KAMLOOPS — B.C. Lions head coach Mike Benevides wants his players to embrace the role of being Grey Cup hosts.
He told them as much before CFL training camps got going Sunday.
“I was pretty honest about it. You know what? It’s additional pressure,” said Benevides. “Every team across the country is saying the same thing — we want to win a championship. I’m not going to be dishonest and say ‘Well it’s at home so it’s no big deal.’ It is a big deal.”
The Lions started a string of three straight host teams winning the title in their own backyards with their victory at B.C. Place Stadium in 2011 and will be looking to make it a four-peat for host cities this November.
“We want to win it in front of our fans,” Benevides continued. “Last time it was here that’s exactly what occurred, and that’s what we get paid to do. Distraction, focus, motivation — call it whatever you want. That’s the No. 1 goal.”
The Lions have not won a playoff game since raising the Grey Cup three years ago, but running back Andrew Harris said he believes they have the horses to get it down in 2014.
“The expectation for us every year is to be in the Grey Cup. Obviously there’s maybe a little more added pressure, but last time it was here we won and that was a great year for us,” said the Winnipeg native. “We’re looking to do the same and I definitely think looking around and seeing the guys that we have solid chance to do that.”
Goal remains the same
“The expectation for us every year is to be in the Grey Cup. Obviously there’s maybe a little more added pressure, but last time it was here we won and that was a great year for us. We’re looking to do the same and I definitely think looking around and seeing the guys that we have solid chance to do that.”
– BC Lions RB Andrew Harris
That chance could rest heavily on Travis Lulay’s surgically repaired shoulder. The Lions’ quarterback was injured during last season’s 11-7 campaign and returned for their playoff loss before going under the knife.
Lulay said Sunday “it remains to be seen” if he will be ready to go when B.C. opens its regular season on June 28.
“I’m still in a stage where camp’s going to be a continued progression for me, but it has steady upward progression throughout the off-season,” said Lulay. “I’m actually really anxious to see how it recovers on a day-to-day basis coming out here.”
B.C. traded for veteran quarterback Kevin Glenn at the CFL draft as an insurance policy, and while Benevides and Lulay were both adamant the Lions’ No. 1 quarterback is on schedule, the head coach added it’s his job to make sure his star gets back to 100 per cent.
“All these guys that are elite athletes, they’re champions and MVPs,” said Benevides. “You have to make sure you help them in understanding the overall picture. He’s intelligent, he understands it, he’s been through this before but there’s no doubt that we’ll have various conversations and discuss it back and forth.”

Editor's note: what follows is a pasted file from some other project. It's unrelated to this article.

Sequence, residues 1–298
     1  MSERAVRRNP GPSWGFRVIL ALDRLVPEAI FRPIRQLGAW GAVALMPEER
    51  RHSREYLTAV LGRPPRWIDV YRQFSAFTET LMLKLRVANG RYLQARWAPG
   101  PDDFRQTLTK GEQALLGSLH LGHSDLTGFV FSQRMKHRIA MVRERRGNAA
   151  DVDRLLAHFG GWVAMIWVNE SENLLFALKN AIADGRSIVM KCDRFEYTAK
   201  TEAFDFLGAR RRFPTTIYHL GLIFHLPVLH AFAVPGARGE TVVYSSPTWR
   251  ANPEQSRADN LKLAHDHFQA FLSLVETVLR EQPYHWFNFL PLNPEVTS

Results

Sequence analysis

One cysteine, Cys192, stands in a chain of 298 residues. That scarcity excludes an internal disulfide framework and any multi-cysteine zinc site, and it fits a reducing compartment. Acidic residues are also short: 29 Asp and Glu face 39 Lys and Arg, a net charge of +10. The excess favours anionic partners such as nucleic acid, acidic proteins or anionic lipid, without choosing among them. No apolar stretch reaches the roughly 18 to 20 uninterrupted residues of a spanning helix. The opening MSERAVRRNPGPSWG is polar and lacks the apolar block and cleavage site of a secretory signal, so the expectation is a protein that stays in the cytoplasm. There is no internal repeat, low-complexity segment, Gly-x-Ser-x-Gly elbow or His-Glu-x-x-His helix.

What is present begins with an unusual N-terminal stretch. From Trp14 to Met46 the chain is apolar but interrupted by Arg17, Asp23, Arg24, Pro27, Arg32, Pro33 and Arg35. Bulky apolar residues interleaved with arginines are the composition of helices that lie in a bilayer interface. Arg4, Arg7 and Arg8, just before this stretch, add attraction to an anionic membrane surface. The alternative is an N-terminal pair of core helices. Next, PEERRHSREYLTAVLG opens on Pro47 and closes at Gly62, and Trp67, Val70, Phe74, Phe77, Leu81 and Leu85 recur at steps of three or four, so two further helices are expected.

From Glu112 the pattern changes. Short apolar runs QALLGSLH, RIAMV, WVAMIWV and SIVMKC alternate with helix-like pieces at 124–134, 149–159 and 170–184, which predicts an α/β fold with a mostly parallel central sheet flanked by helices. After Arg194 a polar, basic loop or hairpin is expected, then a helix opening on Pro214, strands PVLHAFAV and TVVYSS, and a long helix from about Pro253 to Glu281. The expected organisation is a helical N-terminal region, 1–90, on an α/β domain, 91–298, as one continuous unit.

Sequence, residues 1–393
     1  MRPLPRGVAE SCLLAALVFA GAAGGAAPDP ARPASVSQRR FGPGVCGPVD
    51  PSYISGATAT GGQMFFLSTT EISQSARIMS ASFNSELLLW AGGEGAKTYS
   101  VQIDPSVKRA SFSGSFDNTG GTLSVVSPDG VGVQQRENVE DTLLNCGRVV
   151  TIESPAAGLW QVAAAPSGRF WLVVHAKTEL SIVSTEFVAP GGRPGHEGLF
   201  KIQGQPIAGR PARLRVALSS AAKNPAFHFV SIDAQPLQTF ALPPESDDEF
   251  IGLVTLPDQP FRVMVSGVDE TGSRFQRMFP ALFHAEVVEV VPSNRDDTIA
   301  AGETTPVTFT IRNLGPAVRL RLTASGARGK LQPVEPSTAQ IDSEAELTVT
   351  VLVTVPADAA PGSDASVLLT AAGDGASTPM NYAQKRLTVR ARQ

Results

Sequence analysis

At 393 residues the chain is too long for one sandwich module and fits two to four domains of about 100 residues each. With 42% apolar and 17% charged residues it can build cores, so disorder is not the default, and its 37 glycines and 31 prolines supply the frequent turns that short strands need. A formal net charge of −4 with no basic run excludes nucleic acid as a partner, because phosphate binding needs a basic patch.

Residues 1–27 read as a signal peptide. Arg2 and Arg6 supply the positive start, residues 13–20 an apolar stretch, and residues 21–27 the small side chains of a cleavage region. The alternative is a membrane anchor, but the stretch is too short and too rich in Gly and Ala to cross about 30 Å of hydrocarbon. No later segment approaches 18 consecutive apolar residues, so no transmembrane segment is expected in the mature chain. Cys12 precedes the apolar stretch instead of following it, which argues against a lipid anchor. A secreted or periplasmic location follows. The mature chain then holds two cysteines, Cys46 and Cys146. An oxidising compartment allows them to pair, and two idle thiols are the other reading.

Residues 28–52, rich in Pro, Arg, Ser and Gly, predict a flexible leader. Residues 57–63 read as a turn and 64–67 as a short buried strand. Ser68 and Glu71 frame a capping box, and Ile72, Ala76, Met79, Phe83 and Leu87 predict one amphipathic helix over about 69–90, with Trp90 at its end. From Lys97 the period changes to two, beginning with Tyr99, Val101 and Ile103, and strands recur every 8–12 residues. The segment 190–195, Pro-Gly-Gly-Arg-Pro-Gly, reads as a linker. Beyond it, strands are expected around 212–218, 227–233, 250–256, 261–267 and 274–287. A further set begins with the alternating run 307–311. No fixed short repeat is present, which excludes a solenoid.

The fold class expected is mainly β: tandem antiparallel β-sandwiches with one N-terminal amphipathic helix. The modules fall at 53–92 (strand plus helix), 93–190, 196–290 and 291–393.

Added Lulay: “Sometimes you think you can be Superman and overcome some of that stuff. Managing expectations is one of the biggest parts of coming off an injury and that’s one of the things I’ve learned and you have to learn to deal with that.”
The Toronto Argonauts won the Grey Cup as hosts in 2012, while the Saskatchewan Roughriders took the title on the Prairies in 2013. Both teams loaded up through trades and free agency in the off-season leading up to the CFL’s marquee event, but the Lions had a quiet winter by comparison.
What B.C. does have is a lot of fresh faces at camp both on the field and the sidelines. A number of veteran players were either traded, retired or moved on through free agency, while the club also has new offensive and defensive co-ordinators.
Khari Jones has been brought in to kick-start an offence that was criticized for being too predictable, while Mark Washington was promoted to run the defence after six seasons coaching the secondary.
“We have a lot of open positions,” Benevides said of the competitions for spots at camp. “We’re going to have a young team and we have to evaluate and find that talent.
“Our football team is going to play fast. Everything we do is fast.”
Apart from a lot of new blood and fresh schemes, the Lions who have been around awhile believe they’re also wiser as hosts because of what they went through in 2011 after starting that season 0-5.
“The biggest thing for us is just coming through adversity and staying on that one track and definitely building as a team,” said Harris. “I think we did that in 2011 and we have some components this year to make that happen again. It’s being persistent and staying at it. It’s a full 18-game season and you never know how it ends.”
Benevides was the defensive co-ordinator with that championship team and will be looking for his first playoff win as a head coach in a season he hopes will culminate with a victory for the Lions in Vancouver on Nov. 30.
“It’s a long, long journey. It’s a long, long season,” he said. “It’s about making critical plays at critical times and winning that critical game.
“Nobody can tell you how the script is going to be written, but it’s going to be written and someone’s going to stand on the podium.”